The (Subjective) Well-Being Cost of Fiscal Policy Shocks

From a new paper by IMF colleagues Kodjovi M. Eklou and Mamour Fall:

“Do discretionary spending cuts and tax increases hurt social well-being? To answer this question, we combine subjective well-being data covering over half a million of individuals across 13 European countries, with macroeconomic data on fiscal consolidations. We find that fiscal consolidations reduce individual well-being in the short run, especially when they are based on spending cuts. In addition, we show that accompanying monetary and exchange rate policies (disinflation, depreciations and the liberalization of capital flows) mitigate the well-being cost of fiscal consolidations. Finally, we investigate the well-being consequences of the two well-knowns expansionary fiscal consolidations episodes taking place in the 80s (in Denmark and Ireland). We find that even expansionary fiscal consolidations can have well-being costs. Our results may therefore shed some light on why some governments may choose to consolidate through taxes even at the cost of economic growth. Indeed, if spending cuts are to generate a large well-being loss, they can trigger an opposition and protest against a fiscal consolidation plan and hence making it politically costly.”

“Figure 4 depicts the effect of a 1 percentage point of GDP increase in the size of a fiscal consolidation conditional on being accompanied by different level of depreciation in the sample. Figure 4 shows that for higher levels of depreciation, that is for ratios of at least 6 units of local currencies per USD, fiscal consolidations do not have any statistically significant effect on well-being.”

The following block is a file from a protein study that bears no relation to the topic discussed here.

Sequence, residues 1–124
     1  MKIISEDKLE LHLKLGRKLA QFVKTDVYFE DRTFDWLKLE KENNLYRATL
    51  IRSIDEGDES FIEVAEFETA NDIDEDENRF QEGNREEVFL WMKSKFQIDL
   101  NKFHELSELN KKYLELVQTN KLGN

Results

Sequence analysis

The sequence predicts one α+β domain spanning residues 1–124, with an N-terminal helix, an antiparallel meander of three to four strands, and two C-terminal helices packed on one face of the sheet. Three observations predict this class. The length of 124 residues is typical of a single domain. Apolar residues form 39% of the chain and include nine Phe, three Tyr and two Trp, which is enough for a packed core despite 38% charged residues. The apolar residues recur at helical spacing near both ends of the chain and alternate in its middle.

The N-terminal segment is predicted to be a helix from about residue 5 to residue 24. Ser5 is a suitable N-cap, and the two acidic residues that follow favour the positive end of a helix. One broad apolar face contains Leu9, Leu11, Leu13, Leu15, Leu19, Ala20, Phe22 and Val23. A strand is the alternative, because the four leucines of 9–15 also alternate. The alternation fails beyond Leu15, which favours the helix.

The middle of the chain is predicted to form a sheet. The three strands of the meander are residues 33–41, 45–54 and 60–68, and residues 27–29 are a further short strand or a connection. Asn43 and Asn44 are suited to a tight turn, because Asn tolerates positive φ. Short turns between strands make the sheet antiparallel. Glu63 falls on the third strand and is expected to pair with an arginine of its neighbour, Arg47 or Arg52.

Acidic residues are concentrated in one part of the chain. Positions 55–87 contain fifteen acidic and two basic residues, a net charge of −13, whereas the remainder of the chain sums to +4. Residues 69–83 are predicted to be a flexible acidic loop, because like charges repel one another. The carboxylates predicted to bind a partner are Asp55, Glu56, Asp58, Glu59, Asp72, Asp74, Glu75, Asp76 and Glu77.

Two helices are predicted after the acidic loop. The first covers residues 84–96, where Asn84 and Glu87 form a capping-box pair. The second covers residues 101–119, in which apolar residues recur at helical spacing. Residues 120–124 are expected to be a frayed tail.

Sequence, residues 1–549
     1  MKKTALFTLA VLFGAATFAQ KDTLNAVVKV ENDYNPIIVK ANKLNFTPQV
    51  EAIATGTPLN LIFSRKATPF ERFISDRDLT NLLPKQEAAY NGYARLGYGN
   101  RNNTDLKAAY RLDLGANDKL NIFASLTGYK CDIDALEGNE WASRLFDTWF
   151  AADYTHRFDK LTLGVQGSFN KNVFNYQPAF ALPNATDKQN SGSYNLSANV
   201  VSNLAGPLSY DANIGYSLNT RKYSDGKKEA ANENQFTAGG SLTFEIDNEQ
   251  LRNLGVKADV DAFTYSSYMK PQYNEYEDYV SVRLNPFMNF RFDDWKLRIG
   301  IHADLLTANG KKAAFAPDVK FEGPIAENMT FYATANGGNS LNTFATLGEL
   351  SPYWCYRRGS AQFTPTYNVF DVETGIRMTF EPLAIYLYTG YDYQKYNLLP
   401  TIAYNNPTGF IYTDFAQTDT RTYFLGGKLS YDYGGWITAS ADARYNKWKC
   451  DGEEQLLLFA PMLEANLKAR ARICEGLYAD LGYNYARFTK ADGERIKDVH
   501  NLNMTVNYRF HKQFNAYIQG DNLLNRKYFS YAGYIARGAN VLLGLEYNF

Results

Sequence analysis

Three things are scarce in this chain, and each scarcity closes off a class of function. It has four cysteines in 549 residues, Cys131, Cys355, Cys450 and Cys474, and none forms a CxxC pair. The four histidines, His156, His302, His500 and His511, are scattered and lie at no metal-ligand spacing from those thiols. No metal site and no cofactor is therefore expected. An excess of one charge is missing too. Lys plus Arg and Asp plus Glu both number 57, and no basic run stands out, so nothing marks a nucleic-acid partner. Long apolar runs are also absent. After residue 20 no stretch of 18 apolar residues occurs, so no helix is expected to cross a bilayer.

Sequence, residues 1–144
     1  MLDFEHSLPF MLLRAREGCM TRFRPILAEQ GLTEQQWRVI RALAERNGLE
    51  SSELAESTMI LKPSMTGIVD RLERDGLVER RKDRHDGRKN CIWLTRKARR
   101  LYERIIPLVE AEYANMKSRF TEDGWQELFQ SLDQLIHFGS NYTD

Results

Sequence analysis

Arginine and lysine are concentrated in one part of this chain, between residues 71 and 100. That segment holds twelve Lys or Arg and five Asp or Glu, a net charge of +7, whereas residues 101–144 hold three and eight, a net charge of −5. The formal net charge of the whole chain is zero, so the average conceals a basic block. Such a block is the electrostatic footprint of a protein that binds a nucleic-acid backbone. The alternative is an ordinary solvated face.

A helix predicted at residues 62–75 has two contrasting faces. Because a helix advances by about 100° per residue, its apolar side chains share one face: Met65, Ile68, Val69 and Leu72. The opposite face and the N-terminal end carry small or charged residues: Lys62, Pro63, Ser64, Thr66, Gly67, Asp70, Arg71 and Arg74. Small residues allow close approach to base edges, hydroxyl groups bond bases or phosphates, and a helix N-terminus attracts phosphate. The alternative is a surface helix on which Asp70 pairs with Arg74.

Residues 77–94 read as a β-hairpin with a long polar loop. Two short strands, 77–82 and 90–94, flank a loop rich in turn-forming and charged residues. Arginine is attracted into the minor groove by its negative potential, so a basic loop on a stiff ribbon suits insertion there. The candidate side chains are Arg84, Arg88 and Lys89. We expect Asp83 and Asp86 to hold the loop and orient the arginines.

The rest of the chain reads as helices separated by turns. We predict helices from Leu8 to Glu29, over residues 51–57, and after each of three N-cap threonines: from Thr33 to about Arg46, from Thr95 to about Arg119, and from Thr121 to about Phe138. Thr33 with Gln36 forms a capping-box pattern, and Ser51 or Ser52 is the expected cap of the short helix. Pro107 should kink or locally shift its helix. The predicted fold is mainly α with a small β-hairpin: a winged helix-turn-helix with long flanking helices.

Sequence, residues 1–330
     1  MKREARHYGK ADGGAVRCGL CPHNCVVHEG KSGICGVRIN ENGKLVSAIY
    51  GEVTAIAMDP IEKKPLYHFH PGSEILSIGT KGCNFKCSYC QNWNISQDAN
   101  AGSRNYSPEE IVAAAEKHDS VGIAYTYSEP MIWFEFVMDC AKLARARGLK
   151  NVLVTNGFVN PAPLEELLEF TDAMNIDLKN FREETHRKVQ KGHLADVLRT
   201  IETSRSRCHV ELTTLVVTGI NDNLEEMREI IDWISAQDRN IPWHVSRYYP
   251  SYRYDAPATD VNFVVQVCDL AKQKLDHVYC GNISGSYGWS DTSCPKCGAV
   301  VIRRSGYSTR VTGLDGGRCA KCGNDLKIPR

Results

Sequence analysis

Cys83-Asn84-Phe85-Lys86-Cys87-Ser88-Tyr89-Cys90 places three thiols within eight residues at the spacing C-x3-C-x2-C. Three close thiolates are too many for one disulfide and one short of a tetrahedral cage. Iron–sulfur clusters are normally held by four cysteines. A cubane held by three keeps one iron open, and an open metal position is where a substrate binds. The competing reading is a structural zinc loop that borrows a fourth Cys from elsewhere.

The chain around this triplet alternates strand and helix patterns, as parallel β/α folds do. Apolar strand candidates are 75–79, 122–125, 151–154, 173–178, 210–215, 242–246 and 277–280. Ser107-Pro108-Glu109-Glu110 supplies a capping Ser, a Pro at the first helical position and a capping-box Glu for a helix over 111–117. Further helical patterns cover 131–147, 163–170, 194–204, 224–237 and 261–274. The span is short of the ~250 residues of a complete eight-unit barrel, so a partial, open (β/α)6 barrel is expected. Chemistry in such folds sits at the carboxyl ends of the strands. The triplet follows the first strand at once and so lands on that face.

From a new paper by IMF colleagues Kodjovi M. Eklou and Mamour Fall:

“Do discretionary spending cuts and tax increases hurt social well-being? To answer this question, we combine subjective well-being data covering over half a million of individuals across 13 European countries, with macroeconomic data on fiscal consolidations. We find that fiscal consolidations reduce individual well-being in the short run, especially when they are based on spending cuts. In addition,

Read the full article…

Posted by at 9:55 AM

Labels: Inclusive Growth

Finance and Inequality

From a new paper by IMF colleagues–Martin Cihak and Ratna Sahay:

“Global income inequality has fallen in the past two decades, in large part due to major strides in emerging market and developing economies to raise economic growth rates and reduce poverty. Financial sector policies and advances in financial technology are enabling financial inclusion, particularly in large economies such as China and India, allowing an increasing number of low-income households and small businesses to participate productively in the formal economy.